Quantification of cerebral infarct size by creatine kinase BB isoenzyme.
Creatine Kinase BB isoenzyme (CKBB) has been shown to rise in the serum and CSF following acute cerebral injury. To test the hypothesis that brain infarct size could be estimated from the appearance and disappearance of CKBB in the serum and CSF, strokes of varying size were produced in twelve mongrel dogs by silastic emboli. The rate of disappearance, Kd of CKBB (-.00732 +/- 0.001 min-1 mean +/- SE, N = 8) was determined by injecting purified CKBB (25 IU) intravenously then measuring its disappearance. Following the embolic stroke, serum samples were taken hourly for 24 hours and then at intervals for up to 160 hours for measurement of CKBB by radioimmunoassay until the animals were sacrificed. The brains were then removed, fixed in formalin, cut in 2 mm sections and photographed. The area of the infarct was measured using high pad digitizer interfaced with an Apple computer. The infarct size was then calculated from the area and thickness. Using a one-compartment mathematical model, the infarct size was estimated from the amount of CKBB appearing in the serum, the Kd of CKBB, and the amount of CKBB depleted from tissue. The computed infarct size correlated well (r = 0.94) with the measured infarct size. This model may have value in testing therapeutic modalities in the intact animal.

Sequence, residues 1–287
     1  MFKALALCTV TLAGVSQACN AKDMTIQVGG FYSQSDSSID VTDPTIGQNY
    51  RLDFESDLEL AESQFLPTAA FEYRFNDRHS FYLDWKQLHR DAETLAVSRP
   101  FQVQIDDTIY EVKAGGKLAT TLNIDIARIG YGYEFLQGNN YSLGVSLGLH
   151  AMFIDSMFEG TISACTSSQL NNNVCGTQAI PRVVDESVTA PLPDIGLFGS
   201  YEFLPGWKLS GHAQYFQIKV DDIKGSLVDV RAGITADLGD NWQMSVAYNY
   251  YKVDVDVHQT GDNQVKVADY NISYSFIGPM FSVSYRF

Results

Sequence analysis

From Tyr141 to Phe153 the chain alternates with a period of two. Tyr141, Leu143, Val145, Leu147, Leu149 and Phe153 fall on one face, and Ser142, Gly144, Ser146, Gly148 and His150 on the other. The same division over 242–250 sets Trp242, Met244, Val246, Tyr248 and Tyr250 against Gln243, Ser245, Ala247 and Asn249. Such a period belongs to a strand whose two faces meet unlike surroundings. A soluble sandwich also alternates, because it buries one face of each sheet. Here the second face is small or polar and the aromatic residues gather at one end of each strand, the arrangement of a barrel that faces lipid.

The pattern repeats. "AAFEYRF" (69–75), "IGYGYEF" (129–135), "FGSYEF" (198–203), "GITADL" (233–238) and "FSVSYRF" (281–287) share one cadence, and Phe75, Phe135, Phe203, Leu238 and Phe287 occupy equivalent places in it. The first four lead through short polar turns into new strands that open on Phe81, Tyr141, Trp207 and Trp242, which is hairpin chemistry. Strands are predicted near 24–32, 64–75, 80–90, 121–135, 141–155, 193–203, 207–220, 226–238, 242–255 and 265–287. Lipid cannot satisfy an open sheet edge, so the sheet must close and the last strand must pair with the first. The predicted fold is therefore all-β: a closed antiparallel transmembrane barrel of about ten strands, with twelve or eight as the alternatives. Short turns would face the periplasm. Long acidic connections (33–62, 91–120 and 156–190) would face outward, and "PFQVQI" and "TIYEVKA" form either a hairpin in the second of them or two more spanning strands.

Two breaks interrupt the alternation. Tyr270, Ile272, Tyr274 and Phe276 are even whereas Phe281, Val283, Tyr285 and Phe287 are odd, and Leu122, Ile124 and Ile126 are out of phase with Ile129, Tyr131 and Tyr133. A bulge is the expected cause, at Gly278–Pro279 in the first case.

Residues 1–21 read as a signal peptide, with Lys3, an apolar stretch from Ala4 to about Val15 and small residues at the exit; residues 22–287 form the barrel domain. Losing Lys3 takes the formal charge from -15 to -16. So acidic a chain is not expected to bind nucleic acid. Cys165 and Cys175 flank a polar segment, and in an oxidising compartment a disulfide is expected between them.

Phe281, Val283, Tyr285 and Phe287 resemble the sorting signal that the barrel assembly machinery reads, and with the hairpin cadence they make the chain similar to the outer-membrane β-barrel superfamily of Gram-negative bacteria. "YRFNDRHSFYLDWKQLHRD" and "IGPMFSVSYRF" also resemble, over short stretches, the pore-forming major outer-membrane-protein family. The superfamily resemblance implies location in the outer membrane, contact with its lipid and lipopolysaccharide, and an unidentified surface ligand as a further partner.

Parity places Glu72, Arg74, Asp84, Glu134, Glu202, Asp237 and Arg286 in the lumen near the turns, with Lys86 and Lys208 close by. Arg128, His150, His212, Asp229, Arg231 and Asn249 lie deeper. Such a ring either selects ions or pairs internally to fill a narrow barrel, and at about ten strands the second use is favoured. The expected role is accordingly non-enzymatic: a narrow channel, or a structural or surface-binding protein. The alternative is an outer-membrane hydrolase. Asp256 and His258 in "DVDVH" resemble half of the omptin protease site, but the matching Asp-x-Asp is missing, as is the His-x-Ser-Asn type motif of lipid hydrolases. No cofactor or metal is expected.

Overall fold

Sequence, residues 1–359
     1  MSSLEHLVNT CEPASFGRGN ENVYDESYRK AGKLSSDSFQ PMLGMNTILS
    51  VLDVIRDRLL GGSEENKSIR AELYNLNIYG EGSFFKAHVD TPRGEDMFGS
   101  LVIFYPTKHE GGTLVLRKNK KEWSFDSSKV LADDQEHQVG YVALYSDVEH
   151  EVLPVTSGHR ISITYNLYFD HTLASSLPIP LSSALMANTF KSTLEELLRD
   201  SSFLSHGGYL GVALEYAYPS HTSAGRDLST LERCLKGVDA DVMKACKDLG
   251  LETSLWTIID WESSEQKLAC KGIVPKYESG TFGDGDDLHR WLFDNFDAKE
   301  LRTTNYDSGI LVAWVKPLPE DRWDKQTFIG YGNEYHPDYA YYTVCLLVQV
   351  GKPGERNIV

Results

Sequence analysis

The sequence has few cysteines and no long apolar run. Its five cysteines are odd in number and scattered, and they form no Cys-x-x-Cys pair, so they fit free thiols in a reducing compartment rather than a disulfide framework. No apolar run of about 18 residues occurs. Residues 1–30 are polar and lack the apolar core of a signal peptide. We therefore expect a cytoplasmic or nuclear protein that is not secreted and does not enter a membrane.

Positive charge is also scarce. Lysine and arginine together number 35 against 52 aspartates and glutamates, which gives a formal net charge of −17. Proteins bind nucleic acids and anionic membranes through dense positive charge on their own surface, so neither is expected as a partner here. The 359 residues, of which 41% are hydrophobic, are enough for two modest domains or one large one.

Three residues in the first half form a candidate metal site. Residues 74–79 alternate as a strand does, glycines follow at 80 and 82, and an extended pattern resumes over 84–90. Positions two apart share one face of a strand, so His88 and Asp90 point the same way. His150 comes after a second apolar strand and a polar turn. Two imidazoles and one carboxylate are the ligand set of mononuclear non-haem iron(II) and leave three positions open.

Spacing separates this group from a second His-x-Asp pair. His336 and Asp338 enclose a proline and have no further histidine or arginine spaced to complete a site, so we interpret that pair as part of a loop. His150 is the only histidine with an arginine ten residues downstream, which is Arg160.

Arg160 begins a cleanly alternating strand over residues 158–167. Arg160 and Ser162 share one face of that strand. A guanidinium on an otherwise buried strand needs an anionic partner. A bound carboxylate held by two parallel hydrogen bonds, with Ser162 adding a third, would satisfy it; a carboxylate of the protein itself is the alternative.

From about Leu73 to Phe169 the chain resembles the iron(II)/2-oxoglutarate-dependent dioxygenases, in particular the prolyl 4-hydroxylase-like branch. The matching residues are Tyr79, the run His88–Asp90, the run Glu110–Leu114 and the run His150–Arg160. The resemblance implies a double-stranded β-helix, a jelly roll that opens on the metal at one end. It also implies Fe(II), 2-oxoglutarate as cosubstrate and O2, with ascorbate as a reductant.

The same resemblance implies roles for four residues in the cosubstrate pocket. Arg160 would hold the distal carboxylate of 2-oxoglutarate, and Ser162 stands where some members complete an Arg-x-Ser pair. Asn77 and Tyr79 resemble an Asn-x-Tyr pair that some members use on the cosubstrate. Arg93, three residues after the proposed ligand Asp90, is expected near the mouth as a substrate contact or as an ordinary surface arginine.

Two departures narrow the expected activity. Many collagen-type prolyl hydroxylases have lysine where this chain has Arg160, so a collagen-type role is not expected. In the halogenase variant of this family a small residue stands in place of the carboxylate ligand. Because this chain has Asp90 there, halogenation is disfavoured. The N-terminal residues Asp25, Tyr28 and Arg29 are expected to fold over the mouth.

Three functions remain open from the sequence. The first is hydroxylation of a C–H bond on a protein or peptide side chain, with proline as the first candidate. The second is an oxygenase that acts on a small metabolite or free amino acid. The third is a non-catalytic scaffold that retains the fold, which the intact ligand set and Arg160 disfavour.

- Copyright © 1986 by American Heart Association